shadowed. The permanently shadowed area near the north pole appears on
Clementine images to be considerably less, but the Lunar Prospector results
show a much larger water-bearing area at the north pole. Much of the area
around the south pole is within the South Pole-Aitken Basin (shown at left
in blue on a lunar topography image), a giant impact crater 2500 km
(1550 miles) in diameter and 12 km deep at its lowest point.
Many smaller craters exist on the floor of this basin. Since they are
down in this basin, the floors of many of these
craters are never exposed to sunlight. Within these craters the
temperatures would never rise above about 100 K
(280 degrees below zero F) (5). Any water ice at the bottom of the crater
could probably exist for billions of years at these temperatures.
In a Science magazine article (8) on 29 November 1996, it was announced that interpretation of data from a Clementine spacecraft experiment suggested the possibility of ice on the surface of the Moon. The ice was believed to be in the bottom of a permanently shadowed crater near the Moon's south pole (at the center of the Clementine mosaic shown at the top of the page). It was also thought likely that other frozen volatiles, such as methane, were in the deposit. The deposit was estimated to be approximately 60,000 to 120,000 cubic meters in volume. This would be comparable to a small lake in size, four football fields in surface area and 16 feet deep. This estimate was very uncertain, however, due to the nature of the data.
One of the problems in studying a permanently shadowed area is that no pictures
can be obtained. The Clementine spacecraft searched for the ice using an
investigation known as the
Bistatic Radar Experiment.
Basically, this experiment consisted of
having the Clementine spacecraft transmit an S-band radio signal through its high
gain antenna towards a lunar target. The signals reflected off the Moon and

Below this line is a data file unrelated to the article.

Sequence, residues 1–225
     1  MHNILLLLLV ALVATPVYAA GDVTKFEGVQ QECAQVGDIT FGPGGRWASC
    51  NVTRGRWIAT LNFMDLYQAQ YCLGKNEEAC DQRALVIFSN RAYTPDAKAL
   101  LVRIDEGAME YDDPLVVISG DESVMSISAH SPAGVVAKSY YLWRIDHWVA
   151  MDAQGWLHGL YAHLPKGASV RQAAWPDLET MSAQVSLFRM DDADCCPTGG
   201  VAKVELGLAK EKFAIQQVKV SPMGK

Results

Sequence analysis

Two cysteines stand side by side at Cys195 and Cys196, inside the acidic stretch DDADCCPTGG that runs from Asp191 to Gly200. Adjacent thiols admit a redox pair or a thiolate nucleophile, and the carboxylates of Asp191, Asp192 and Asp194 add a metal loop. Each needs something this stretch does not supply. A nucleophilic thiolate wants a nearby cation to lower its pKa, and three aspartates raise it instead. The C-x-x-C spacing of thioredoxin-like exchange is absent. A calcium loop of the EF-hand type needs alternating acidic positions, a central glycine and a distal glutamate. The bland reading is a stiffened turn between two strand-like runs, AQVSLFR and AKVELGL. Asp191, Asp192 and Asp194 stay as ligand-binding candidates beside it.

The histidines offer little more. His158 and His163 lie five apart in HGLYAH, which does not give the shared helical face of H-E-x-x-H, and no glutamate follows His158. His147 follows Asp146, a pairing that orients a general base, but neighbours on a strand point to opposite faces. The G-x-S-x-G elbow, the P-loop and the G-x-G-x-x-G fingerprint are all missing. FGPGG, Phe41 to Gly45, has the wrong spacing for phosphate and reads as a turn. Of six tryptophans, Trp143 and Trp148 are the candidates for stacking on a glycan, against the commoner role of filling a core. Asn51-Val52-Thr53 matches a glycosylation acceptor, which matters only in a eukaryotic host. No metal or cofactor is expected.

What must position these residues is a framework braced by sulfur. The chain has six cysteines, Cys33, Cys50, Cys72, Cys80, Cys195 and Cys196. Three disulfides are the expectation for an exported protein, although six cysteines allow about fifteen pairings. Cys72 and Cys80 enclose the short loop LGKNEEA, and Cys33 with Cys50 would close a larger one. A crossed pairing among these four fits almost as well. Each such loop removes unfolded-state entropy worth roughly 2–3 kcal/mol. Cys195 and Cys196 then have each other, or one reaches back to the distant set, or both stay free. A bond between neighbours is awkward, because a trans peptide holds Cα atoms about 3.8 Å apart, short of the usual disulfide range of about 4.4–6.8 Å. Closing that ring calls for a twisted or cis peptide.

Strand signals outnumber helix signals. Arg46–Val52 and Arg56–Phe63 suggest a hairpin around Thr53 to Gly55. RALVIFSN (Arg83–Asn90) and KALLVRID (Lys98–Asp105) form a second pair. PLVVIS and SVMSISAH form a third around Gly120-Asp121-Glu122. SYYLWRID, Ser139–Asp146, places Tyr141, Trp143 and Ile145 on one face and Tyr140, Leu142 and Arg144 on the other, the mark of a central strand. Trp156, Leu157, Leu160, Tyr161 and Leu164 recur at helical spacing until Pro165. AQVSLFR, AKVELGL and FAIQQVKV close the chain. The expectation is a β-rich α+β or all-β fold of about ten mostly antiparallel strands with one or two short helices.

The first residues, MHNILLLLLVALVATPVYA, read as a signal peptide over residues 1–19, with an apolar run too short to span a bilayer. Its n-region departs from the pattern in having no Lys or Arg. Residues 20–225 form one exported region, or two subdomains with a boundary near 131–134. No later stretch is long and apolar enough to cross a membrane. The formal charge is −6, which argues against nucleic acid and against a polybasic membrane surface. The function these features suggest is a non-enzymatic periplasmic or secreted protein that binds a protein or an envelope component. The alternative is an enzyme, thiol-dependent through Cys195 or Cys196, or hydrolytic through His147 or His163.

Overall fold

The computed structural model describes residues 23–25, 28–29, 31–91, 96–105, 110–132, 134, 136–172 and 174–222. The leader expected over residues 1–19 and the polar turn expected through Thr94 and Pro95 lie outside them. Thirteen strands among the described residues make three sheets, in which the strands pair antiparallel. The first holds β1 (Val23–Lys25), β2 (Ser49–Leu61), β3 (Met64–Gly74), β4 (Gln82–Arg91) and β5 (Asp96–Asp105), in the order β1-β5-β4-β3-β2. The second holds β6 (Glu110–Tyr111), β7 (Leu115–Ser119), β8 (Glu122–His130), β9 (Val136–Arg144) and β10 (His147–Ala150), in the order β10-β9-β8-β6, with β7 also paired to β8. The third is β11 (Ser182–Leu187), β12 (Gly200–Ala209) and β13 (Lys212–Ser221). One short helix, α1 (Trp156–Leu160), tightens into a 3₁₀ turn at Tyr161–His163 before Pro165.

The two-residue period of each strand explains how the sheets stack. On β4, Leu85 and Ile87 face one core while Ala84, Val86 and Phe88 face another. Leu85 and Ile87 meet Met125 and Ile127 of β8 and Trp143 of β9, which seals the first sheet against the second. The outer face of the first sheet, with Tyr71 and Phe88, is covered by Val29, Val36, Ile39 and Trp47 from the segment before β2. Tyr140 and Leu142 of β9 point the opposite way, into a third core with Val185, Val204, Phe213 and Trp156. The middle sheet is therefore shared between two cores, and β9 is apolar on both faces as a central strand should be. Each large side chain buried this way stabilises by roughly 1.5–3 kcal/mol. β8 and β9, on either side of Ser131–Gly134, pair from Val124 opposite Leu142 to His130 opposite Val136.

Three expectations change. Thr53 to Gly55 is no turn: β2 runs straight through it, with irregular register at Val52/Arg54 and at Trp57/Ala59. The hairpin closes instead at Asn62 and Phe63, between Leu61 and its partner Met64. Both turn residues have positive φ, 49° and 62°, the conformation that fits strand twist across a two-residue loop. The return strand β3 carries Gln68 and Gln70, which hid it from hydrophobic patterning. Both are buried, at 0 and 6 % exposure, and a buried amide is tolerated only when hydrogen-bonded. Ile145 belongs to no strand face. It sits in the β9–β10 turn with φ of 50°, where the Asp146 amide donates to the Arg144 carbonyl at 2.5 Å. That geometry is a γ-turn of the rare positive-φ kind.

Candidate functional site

were received by a 70 meter Deep Space Network (DSN) antenna on the Earth.
Frozen volatiles such as water ice are much more reflective to S-band radio waves
than lunar rocks. Radio waves also have different characteristics when reflected
off ice than off silicate rock. An analysis of the signals returned from orbit
234 showed reflection characteristics suggestive of water ice for the
permanently shadowed areas near the south pole. Reflections from regions
which are not permanently shadowed do not show these characteristics. It is
possible that other scattering mechanisms could be responsible for this result,
but the interpretation of the radio returns and the fact that they are associated
only with the permanently shadowed regions seem to indicate that water ice is the
most likely possibility. However, Arecibo radio telescope studies using the same
radio frequency as Clementine showed similar reflection patterns from areas
which are not permanently shadowed. These reflections have been interpreted as
being due to rough surfaces, and it was suggested that the Clementine results may
have been due to roughness, rather than water ice, as well.
Bistatic Radar Experiment Parameters
9-10 April 1994
Transmission: S-Band 2.273 GHz (13.19 cm wavelength)
Polarization: Right Circular (RCP)
Signal Power: 6 Watts
Axial Tilt: 4.5 to 5.5 degrees (Moon to Earth)
Orbits Used: 234 and 235
Ice on the Bone Dry Moon - Paul Spudis